10 things you should know before you go to a GAA match 6 years ago

10 things you should know before you go to a GAA match

Brought to you by Crunchie

Oh, those glorious sunny days of an endless Irish summer! When we're all living for the weekend... and it's nothing to do with Mass (SORRY MAMMY). 


The GAA Championship comes to an end this Sunday with the All Ireland showdown between Kilkenny and Tipperary. It's going to be a massive day for GAA fans, and it doesn't matter if you're a fair-weather fan or a total fanatic: all that matters on the day is that your heart is in it and you know the rules.

Without further ado, here are the ten things you MUST know before a big GAA day out.

1. A good start is half the work

This applies to the game itself too, but we're actually referring to the breakfast. GAA fans are notoriously fond of getting a "good run at the day". This normally means a hearty breakfast at 6am or so, getting on the road in plenty of time. Dinner at 12pm and sure you'll have the sandwiches and flask of tea in the car in case of emergency. Along with a few purple Snacks.


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2. Bring your voice

Make sure you know gach aon focal of Amhrán na bhFiann, and don't be making a show of yourself by mumbling along. This is not what our ancestors hurled for! Fair enough, you might be waiting to roar 'HON TIPP/KILKENNY at the top of your lungs, but woe betide if you're caught on camera not belting out every word of our national anthem first. There'll be hell to pay. Absolute and utter hell.

Here's a handy refresher to help you out:


3. Brush up on your ballads

Whether it's Dancing at the CrossroadsThe Fields Of Athenry (hey baby, watch the free birds fly), or The Banner Roar, make sure you've got all the words of your county song at the tip of your tongue. Because you will be singing it. At the top of your lungs. And ideally completely SICKENING the rival supporter beside you. All in good jest of course. Ahem.


4. There is a dress code

You might think that when it comes to a Sunday stadium date, wardrobe isn't all that important. You'd be wrong. Dead wrong. The only thing to be seen in on match day is your county colours. That jersey was made to soak up blood, sweat and tears. It's as close to a feckin' magic cloak as you'll ever get.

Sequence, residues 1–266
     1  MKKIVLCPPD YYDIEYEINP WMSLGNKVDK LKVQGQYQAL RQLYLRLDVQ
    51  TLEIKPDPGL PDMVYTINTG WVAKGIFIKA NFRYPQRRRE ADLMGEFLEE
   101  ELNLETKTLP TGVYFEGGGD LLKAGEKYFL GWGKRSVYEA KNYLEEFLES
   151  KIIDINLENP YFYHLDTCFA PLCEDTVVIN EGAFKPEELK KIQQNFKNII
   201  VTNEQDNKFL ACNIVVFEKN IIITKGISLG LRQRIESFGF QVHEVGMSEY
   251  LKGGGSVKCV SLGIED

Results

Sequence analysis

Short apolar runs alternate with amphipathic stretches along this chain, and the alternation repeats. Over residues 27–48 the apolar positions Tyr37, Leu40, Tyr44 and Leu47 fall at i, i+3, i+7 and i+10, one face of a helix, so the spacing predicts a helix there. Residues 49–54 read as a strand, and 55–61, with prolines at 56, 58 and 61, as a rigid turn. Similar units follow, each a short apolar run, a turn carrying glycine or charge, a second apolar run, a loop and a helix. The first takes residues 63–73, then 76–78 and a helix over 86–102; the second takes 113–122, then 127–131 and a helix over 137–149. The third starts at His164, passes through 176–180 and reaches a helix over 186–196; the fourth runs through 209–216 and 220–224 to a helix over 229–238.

Laura Doherty, Anna Woods and Jen Stevenson 20/7/2014


5. Wallflowers need not apply


Your parents may have told you once or twice in your life to bite your tongue. They won't be telling you that a match. Shout, scream and roar for all your worth - that's what you're there for. On a related note - leave your sensitive side at home when listening to those around you.

"Pull hard - HE'S NO RELATION!"


6. Put on the sunscreen

Every GAA fan knows that the most wonderful sunny days are spent at Croker. Arrive ready to soak up the atmosphere, exchange banter and maybe get in a sneaky 99. Pack the sunblock or you'll be going home with a farmer's tan of epic proportions. If only there was someplace you could pick up some "HATS, SCARVES AND HEADBANDS!"


7. Beware the battle lines of yore

GAA rivalries run deeper than blood and the most hardcore fans have very, very long memories. It's not uncommon for a grievance between fans to be considered "payback for 1963/1975/1987". Some counties will have a friendly rivalry. For many others, there's nothing bloody friendly about it. This is war. Come with your armour.


8. For the love of the game

The sheer passion seen on a GAA pitch week in, week out on the big days and in the smallest training session is a joy to behold. So much so, that it's easy to forget these men and women get nothing for their time but the dream of a title and the pride in their jersey. Shout louder. You owe them.


9. Never jump the gun

When it comes to the GAA, the final whistle is the equivalent to the fat lady sings. It's not over 'til it's over and you bet your ass it can all change in a minute. Fight any and all temptation to steal a march on traffic, and think instead of how these players poured their hearts and souls into this for months on end when your were still sitting by the fire. Shouting louder yet? Good.


10. Stop in for The Sunday Game

What good is a match if you can't relive every puck of the ball when the sun has finally set? Wherever you are on the road, it's a GAA rule that you must stop in to the nearest public house for a strong pot of tea, a few sandwiches and a "whist" while the whole contingent watches The Sunday Game. Pro tip: Saving some of that colourful language you learned for Pat Spillane or Joe Brolly is optional, but enjoyable.


Brought to you by Crunchie - For the mouth that craves the Friday Feeling.